First, a quick note on storage. According to Samsung, an average photograph occupies five megabytes. Therefore, taking 3,000 photographs would take up approximately 15 gigabytes. Popular mobile games like Fortnite and Final Fantasy VII: Ever Crisis gobble up tens of gigabytes. On Netflix, each hour of video downloaded for offline viewing takes up approximately one gigabyte. Simply put, data storage can run out quickly, so why get 256 gigabytes when you could spend about $100 more for twice as much?

Unless you already have accessories to work with your new phone, you'll need to add these extras:

  • $30 for the Samsung charging brick.

  • $40 for a Samsung protective case.

  • $50 for Samsung wireless headphones.

  • Extra $120 to get 512 gigabytes to store more photos and apps. (At the time of writing, this data update is free for a limited-time promotion.)

That's not including the cost of using the phone with a modest wireless plan for, say, $70 a month. With wireless service included, the cost of owning this Samsung phone for three years is approximately $112.77 per month, or $4,060 total.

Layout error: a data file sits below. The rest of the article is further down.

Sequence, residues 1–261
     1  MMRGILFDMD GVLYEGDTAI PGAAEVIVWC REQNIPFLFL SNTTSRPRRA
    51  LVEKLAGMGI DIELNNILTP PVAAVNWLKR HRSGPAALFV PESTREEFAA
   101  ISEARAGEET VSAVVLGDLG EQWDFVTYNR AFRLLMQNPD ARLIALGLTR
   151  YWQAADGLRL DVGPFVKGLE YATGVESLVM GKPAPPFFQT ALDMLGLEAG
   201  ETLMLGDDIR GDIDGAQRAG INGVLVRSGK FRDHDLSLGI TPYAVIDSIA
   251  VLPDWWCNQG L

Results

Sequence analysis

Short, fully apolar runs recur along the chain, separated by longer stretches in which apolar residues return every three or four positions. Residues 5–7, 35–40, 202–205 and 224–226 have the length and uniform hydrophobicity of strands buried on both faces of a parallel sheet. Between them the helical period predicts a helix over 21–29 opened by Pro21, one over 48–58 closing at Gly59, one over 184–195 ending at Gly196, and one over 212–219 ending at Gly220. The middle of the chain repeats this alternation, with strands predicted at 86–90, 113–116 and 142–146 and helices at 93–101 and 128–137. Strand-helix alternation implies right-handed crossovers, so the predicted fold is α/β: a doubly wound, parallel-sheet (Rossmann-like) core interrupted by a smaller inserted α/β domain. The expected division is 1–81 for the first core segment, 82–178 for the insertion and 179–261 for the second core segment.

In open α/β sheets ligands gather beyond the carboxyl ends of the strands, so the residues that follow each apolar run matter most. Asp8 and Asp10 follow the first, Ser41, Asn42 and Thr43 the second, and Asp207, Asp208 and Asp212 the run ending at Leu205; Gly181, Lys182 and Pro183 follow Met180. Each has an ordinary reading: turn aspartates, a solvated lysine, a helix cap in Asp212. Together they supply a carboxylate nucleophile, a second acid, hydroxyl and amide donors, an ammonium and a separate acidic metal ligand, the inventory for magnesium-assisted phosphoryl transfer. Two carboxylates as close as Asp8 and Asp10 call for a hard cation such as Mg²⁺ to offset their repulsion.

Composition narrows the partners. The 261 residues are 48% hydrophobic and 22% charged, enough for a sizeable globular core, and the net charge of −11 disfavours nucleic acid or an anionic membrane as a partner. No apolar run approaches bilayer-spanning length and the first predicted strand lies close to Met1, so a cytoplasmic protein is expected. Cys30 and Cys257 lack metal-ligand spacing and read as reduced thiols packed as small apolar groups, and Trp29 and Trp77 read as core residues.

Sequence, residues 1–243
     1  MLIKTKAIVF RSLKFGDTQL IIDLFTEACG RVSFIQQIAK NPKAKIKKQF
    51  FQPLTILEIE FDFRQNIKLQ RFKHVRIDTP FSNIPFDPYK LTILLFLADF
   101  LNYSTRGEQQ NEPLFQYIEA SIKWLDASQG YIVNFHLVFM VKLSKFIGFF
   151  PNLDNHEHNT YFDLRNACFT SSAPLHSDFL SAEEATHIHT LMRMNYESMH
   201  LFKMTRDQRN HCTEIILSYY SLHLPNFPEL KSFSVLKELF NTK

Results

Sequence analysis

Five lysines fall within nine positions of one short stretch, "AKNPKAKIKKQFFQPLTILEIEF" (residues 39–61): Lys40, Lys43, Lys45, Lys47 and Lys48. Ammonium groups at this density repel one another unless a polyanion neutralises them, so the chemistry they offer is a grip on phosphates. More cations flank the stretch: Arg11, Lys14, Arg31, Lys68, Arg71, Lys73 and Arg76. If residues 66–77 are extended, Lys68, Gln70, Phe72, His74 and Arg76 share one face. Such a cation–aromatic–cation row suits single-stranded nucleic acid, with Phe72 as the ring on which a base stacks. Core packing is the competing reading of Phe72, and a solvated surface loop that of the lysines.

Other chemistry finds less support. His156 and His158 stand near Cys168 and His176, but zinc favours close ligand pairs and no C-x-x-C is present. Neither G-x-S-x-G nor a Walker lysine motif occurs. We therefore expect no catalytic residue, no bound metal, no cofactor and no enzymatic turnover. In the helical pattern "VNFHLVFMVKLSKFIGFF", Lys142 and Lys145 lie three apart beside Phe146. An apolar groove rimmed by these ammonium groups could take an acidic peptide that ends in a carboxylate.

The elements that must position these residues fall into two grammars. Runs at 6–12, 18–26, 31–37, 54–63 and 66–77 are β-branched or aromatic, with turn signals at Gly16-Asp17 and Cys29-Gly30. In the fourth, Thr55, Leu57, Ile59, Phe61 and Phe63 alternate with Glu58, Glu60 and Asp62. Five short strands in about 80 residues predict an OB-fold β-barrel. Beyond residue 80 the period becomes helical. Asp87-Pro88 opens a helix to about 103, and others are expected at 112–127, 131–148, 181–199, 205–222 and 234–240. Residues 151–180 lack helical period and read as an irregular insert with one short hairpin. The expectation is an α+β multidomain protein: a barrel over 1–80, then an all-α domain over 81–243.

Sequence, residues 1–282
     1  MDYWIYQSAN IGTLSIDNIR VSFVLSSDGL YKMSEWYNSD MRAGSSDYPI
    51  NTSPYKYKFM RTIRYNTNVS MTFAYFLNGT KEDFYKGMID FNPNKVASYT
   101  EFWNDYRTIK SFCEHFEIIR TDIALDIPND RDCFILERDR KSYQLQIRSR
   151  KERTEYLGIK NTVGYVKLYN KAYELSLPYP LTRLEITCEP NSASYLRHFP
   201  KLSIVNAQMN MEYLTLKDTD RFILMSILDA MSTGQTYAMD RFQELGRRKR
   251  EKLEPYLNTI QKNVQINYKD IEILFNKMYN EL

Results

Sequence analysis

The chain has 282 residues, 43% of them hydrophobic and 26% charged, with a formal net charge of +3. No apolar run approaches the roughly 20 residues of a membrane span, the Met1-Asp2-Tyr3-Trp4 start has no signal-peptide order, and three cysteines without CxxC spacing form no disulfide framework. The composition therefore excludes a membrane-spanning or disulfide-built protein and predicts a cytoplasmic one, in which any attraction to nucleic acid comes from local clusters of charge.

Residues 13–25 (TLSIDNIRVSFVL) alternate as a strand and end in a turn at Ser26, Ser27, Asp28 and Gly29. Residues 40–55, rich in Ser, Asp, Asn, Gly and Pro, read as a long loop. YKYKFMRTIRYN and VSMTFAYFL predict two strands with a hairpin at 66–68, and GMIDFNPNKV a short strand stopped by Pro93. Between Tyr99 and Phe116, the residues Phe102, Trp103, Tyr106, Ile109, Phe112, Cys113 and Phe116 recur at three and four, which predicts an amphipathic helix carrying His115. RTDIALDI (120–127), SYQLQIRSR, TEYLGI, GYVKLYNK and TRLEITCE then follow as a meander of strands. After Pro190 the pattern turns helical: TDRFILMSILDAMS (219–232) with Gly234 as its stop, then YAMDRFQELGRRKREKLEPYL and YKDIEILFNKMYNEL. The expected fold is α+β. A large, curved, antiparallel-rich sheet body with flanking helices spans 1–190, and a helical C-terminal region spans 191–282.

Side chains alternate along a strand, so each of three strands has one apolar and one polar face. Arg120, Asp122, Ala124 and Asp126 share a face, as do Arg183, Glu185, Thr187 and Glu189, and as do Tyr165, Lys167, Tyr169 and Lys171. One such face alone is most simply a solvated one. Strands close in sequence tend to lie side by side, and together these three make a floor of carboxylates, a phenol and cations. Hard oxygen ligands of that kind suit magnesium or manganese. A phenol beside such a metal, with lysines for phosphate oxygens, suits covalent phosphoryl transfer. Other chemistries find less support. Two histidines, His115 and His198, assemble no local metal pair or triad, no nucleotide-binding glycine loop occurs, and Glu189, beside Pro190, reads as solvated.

The point is not to shame people for buying technology, but to raise awareness about what we're really spending on new devices, which is a lot more than we think, Sethi said. That's why the best practice for most people who buy technology products is to hold on to them as long as possible. This way they maximize the value they get not only from the devices but from the many extras they purchased along the way.

For comparison purposes, the examples above showed the costs of extras like headphones and cases if you bought them directly from the device manufacturers. A simple method to save money would be to look for cheaper third-party alternatives, but purchases would still be phantom costs that would increase the overall price of your technology.

All of this brings us to the biggest phantom cost of regularly purchasing products like new phones and Apple's Vision Pro: the price you pay for being an early adopter.

“The more you buy a new phone, the more people around you expect you to have the newest thing, and the more you create an identity that you always have the newest thing,” Sethi said. “That's the biggest phantom cost of all.”